Welcome to the third blog post of our MythBuster series.

Last week, we talked about how children’s learning and development in literacy and STEM can be intertwined. This week, we are going to bust a myth that sometimes deters practitioners or families from carrying out STEM activities with young children. 

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By Hsiu-Wen Yang,  PhD. 

Postdoctoral Research Associate at STEM Innovation for Inclusion in Early Education Center (STEMIE)

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By Chih-Ing Lim,  PhD.

Co-director of the STEM Innovation for Inclusion in Early Education Center (STEMIE)

Myth 3: STEM learning is too expensive

Fact: You do not need to purchase expensive toys or materials to engage young children in STEM learning. STEM learning opportunities are everywhere, including during daily routines1,2,3,4. For example, cooking or mealtime is a perfect opportunity to engage children in STEM concepts4,5. While preparing snacks, children can count a small number of dry ingredients that you are going to use and bring it to you. Children may also experiment with measuring cups of different sizes, and guess which one holds more, or observe how butter changes from solid to liquid when it melts.

Adults, not toys, are key in children’s development and learning. Adult-child interactions are critical in supporting children’s development across all domains of learning6,7,8. Additionally, adults who are intentional in providing learning experiences and opportunities that balanced self-directed play and adult-facilitated instruction can contribute to children’s development in math9. Young children are active learners and are naturally curious about the world around them. With adults’ support, they can have rich learning opportunities within everyday experiences and without expensive materials or toys.

References

  1. Tudge, J. R. H. & Doucet, F. (2004). Early mathematical experiences: Observing young Black and White children’s everyday activities. Early Childhood Research Quarterly, 19, 21-39.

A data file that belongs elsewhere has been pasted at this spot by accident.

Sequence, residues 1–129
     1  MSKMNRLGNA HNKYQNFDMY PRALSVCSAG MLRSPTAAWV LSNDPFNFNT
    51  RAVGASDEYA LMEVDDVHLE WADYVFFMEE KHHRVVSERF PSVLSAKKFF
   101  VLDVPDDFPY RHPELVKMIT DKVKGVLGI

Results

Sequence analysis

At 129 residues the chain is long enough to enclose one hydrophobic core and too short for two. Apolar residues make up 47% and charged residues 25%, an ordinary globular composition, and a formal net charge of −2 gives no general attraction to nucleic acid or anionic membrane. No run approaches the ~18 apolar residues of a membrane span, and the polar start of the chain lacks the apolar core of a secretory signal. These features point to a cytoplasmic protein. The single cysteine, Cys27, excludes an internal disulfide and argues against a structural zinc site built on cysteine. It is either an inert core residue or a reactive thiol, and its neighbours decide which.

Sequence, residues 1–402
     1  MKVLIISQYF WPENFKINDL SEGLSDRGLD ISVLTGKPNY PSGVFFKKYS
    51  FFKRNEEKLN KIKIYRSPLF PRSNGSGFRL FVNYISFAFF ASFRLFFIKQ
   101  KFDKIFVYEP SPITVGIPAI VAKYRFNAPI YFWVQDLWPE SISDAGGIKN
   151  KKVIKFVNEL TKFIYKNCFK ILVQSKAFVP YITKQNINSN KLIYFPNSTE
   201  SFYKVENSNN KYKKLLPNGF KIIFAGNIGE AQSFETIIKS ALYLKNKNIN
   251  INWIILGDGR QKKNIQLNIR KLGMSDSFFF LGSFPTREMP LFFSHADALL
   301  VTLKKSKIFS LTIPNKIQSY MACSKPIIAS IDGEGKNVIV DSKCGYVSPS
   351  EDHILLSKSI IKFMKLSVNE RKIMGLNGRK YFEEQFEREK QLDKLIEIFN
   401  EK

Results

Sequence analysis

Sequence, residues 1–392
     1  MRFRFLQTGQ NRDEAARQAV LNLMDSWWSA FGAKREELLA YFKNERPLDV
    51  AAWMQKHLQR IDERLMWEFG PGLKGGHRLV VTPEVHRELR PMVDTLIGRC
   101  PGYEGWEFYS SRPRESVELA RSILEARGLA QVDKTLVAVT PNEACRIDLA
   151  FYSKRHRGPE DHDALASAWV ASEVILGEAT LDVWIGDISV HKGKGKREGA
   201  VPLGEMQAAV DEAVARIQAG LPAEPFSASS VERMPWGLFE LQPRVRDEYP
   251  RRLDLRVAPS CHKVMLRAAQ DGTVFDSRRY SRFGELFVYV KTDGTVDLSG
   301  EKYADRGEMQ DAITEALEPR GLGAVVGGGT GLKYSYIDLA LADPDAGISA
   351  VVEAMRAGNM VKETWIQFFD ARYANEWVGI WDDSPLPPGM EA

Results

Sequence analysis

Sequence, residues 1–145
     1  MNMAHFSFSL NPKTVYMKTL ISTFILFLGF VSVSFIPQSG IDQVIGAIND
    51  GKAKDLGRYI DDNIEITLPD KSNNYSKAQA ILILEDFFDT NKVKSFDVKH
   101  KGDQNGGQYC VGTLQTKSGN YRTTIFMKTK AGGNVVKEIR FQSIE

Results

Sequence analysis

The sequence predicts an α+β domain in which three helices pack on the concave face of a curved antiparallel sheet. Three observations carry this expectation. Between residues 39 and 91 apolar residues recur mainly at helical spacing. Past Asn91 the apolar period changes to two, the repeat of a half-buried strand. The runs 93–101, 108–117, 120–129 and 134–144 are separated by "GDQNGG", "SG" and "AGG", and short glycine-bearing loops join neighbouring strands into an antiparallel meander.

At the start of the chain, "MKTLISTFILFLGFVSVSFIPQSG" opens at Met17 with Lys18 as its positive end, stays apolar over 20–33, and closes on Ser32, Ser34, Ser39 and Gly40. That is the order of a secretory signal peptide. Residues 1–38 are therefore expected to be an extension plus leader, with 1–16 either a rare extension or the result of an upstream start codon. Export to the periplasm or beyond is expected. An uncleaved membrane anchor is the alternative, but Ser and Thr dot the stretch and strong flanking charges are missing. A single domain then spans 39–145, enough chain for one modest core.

2. Andrews, K. J. & Wang, X. C. (2019). Young Children’s emergent science competencies in everyday family contexts: A case study. Early Child Development and Care, 189, 1351-1368.
  3. Lee, J. & Junoh, J. (2019). Implementing unplugged coding activities in early childhood classrooms. Early Childhood Education Journal, 47, 709-716.
  4. Sikder, S., Fleer, M. (2015). Small Science: Infants and Toddlers Experiencing Science in Everyday Family Life. Research in Science Education, 45,445–464.
  5. Susperreguy, M. I. & Davis-Kean, P. E. (2016). Maternal Math Talk in the Home and Math Skills in Preschool Children,Early Education and Development, 27, 841-857.
  6. Hamre, B.K.; Pianta, R.C. (2001). Early teacher-child relationships and the trajectory of children's school outcomes through eighth grade.Child Development, 72, 625–638.
  7. Howes, C.; Fuligni, A.S.; Hong, S.S.; Huang, Y.D.; Lara-Cinisomo, S. (2013). The preschool instructional context and child–teacher relationships.Early Education and Development, 24, 273–291.
  8. Rodriguez, E. T. & Tamis-LeMonda, C. S. (2011). Trajectories of the home learning environment across the first 5years: Associations with children’s vocabulary and literacy Skills at Prekindergarten. Child Development, 82, 1058-1075.
  9. Fuligni, A.S., Howes, C., Huang, Y.D., Hong, S.S., Lara-Cinisomo, S. (2012). Activity settings and daily routines in preschool classrooms: Diverse experiences in early learning settings for low-income children. Early Child. Research Quarterly,27, 198–209.
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